So it looks like I don't really have options. Guess I'm going to look into a carbon fiber barrel.
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Old December 2, 2012, 04:21 PM   #13
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About the comment saying you don't need a follow up shot, you are mistaken and you must have good luck. I've seen a deer run with about half of it's head missing. It needed another shot. And even with a fatal shot, not every deer magically drops instantly. Many run. Running a few hundred yards is somewhat common and they were shot in the heart. Just yesterday one ran about 3/4 of a mile that was shot in the chest with a .300 magnum where I was hunting.
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Old December 2, 2012, 04:29 PM   #14
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Cool man , sounds like you know what you want happy huntimg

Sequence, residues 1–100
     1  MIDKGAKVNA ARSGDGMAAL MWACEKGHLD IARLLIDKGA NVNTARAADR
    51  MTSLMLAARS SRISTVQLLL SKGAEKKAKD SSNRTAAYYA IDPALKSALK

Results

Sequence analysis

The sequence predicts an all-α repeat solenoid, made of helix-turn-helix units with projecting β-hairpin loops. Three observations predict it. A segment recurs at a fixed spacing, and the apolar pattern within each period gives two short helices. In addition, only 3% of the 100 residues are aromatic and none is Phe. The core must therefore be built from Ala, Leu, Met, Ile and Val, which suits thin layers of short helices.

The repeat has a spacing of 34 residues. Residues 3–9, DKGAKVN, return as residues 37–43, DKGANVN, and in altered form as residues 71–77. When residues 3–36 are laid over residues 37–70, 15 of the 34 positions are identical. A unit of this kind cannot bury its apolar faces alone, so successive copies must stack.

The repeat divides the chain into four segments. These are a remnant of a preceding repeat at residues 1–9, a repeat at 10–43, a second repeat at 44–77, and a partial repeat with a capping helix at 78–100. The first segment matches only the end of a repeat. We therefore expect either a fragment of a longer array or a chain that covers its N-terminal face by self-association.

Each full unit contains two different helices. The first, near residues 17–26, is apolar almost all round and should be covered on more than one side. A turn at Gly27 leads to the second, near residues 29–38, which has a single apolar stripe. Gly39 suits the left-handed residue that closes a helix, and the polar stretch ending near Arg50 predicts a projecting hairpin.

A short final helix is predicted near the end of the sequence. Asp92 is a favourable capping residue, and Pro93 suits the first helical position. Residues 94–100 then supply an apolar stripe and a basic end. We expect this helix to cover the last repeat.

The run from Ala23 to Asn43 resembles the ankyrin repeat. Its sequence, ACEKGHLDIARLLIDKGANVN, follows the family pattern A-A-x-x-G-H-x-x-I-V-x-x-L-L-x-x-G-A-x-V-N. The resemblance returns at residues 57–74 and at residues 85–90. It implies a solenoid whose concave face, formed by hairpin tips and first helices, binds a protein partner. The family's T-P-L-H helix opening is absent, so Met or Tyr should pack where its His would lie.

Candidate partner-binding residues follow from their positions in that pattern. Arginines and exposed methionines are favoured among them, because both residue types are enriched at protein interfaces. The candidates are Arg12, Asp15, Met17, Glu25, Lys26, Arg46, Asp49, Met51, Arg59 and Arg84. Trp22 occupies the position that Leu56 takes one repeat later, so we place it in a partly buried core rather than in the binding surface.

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Old December 2, 2012, 04:36 PM   #15
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Two lbs isn't practical. About 3/4-1 lb is possible if you consider the total weight including optcs, but can get expensive. If you want 2 lbs, sell it and buy a Kimber.

Your stock will probably weigh about 30-36 oz. The cheapest aftermarket stock that will save you any weight is a McMillan Edge. About 22-24 oz and $518. There are some other companies making 16 oz. stocks, but they are even more expensive. Going with a blind magazine vs floorplate will save you about 4 oz. Having a short action such as a 308 instead of long action in 30-06 will save you about 4 oz.